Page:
By Aram Arkun
NEW YORK — The “Blind Dates Project” exhibition of 13 new art projects dealing with Armenians, Turks and other peoples and cultures of the Ottoman Empire opened on the evening of November 18 at Pratt Manhattan Gallery, a public art gallery affiliated with the Pratt Institute. Several hundred people attended the public opening reception, which featured Nina Katchadourian and Ahmet Ögüt’s AH-HA performance project.
The two artists completed the exchange of the letter “a” in each of their names as a somewhat whimsical but symbolic way of linking their lives. Katchadourian is of Armeno-Finnish-Swedish descent, while Ögut is a Kurd from Diyarbakir based in Amsterdam and Istanbul. An attorney, Sergio Munoz Sarmiento, from the Volunteer Lawyers for the Arts supervised and legalized the ceremony in the presence of a crowd of spectators. The two agreed eventually, most likely upon the death of one of the new “couple,” to exchange the letter “h,” also commonly shared. As both of their names already have these letters, the exchange is invisible in a practical sense. It is a parody of sorts alluding to forfeited historical treaties and agreements. The artists, previously strangers to each other till they were match-made by the curators of the exhibition, explained their motivation for establishing this rapport as follows: “Between ethnic groups or cultures that have been at odds, there is often the expectation that there will be a visible way to differentiate between them, when this is in fact very complicated and often untrue. The invisibility of the gesture is therefore central to this project, and at the center of the concept.”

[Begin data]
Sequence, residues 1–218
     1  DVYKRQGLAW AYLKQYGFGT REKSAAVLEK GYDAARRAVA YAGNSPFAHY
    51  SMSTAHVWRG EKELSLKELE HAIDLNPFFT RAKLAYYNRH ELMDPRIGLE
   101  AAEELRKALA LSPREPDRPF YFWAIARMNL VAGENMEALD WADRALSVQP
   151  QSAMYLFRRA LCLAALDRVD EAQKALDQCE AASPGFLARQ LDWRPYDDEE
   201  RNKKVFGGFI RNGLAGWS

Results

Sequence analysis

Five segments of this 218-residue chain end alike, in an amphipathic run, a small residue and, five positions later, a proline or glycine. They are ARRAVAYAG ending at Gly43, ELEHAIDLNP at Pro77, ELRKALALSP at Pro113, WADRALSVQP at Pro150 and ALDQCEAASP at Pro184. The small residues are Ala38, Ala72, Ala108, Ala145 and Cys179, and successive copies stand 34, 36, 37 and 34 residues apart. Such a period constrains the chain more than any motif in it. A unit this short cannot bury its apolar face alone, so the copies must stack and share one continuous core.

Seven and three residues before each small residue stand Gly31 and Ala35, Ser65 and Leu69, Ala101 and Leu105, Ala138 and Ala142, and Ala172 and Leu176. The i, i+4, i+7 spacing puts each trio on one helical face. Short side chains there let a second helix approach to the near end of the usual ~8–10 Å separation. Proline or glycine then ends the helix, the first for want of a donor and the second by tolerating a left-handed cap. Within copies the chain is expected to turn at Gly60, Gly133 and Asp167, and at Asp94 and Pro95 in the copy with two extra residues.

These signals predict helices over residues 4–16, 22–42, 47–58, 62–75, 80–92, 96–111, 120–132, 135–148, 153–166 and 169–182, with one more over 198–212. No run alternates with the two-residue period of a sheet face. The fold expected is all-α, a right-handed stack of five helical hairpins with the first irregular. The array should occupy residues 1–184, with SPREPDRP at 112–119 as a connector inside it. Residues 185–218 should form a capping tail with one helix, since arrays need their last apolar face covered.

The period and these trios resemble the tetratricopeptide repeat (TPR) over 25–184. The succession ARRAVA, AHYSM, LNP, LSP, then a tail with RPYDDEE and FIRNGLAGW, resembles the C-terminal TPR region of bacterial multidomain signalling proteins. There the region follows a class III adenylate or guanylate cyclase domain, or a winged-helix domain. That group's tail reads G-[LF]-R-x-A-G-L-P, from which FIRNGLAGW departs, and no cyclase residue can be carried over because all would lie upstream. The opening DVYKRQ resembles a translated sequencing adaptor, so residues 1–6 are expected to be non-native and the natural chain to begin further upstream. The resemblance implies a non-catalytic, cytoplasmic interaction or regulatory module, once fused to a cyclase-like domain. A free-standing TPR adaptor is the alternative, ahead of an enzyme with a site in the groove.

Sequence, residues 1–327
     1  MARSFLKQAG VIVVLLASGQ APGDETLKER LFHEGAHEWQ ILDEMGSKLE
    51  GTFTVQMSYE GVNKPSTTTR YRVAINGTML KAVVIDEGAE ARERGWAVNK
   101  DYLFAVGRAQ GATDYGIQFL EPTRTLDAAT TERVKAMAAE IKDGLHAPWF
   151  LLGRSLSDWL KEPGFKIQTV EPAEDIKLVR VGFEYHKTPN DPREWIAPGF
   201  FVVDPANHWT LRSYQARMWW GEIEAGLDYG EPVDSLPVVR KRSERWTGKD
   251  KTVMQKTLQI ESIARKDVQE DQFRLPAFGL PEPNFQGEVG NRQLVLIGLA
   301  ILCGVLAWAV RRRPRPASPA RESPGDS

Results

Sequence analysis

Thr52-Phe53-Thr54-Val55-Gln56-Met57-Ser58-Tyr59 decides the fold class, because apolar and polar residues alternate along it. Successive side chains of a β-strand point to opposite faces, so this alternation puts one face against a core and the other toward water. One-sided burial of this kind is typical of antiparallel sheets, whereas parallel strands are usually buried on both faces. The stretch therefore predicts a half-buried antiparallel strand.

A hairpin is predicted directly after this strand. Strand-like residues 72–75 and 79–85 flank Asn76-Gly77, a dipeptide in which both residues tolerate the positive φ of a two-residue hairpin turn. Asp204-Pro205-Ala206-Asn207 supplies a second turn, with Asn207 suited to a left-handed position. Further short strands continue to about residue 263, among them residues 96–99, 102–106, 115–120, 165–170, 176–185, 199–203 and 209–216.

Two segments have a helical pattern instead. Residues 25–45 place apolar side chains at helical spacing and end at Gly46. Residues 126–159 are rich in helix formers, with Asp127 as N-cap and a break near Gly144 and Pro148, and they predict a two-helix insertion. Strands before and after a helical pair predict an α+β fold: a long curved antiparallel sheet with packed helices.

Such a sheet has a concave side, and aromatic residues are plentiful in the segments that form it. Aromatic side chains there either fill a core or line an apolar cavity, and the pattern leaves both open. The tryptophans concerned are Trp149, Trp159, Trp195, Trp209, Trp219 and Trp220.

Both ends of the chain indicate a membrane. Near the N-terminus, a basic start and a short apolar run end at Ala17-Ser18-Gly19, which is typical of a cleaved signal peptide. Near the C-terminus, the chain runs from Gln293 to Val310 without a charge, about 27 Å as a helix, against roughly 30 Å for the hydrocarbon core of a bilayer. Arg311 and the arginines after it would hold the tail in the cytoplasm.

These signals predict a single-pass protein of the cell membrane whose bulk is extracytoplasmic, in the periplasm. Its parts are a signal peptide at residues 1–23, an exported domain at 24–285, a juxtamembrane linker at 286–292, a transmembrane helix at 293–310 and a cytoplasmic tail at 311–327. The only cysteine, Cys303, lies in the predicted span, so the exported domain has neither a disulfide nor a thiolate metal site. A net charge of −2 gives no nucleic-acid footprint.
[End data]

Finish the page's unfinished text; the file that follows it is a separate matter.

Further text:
Many of the displayed projects at the exhibition deal with the predicament of Armeno-Turkish relations. Nearly 30 curatorially-paired artists and practitioners of other disciplines such as architecture, dance, history and music were involved in producing new works for the international exhibition, which is transnational in nature. The majority of the participants are from Armenia, Bosnia, Greece, Israel, Lebanon and Turkey — in other words, people who can trace their ancestry, often in complex and indirect ways, to the now defunct multicultural geography of the former empire. Also, through local participation, such as that of New York-based choreographer, Aaron Mattocks, who poses as the ghost of Arshile Gorky in Aram Jibilian’s photo installation titled “Glass House,” the exhibition creates linkages beyond the region. In this way, it also comments on the cosmopolitan nature of diasporas.
During the process of preparation for this exhibition, “Blind Dates” encounters, workshops and events took place over the past few years in far flung cities such as New York, Los Angeles, Austin, Istanbul, Amsterdam, Shanghai, Sharjah, Yerevan, Van and Venice. The “Blind Dates Project,” subtitled “New Encounters from the Edges of a Former Empire,” is an attempt to reexamine in new ways “contentious historical accounts/events and their lingering effect on life today.” Most of the art works exhibited challenge dominant ways of looking and thinking about identity, nation-states and art history.
Six major American art publications, along with the Mirror-Spectator, sent their representatives to attend the opening, so there should be good coverage of this event in the international art press. A majority of the participants in the “Blind Dates Project” were present in New York at the inauguration of the exhibition and many were to participate in a roundtable discussion on their experiences in these recent attempts at artistic “research” and collaboration on November 20 titled “From Rupture to Rapture?” It was moderated by Radhika Subramaniam, director and chief curator of the Sheila C. Johnson Design Center at Parsons The New School for Design.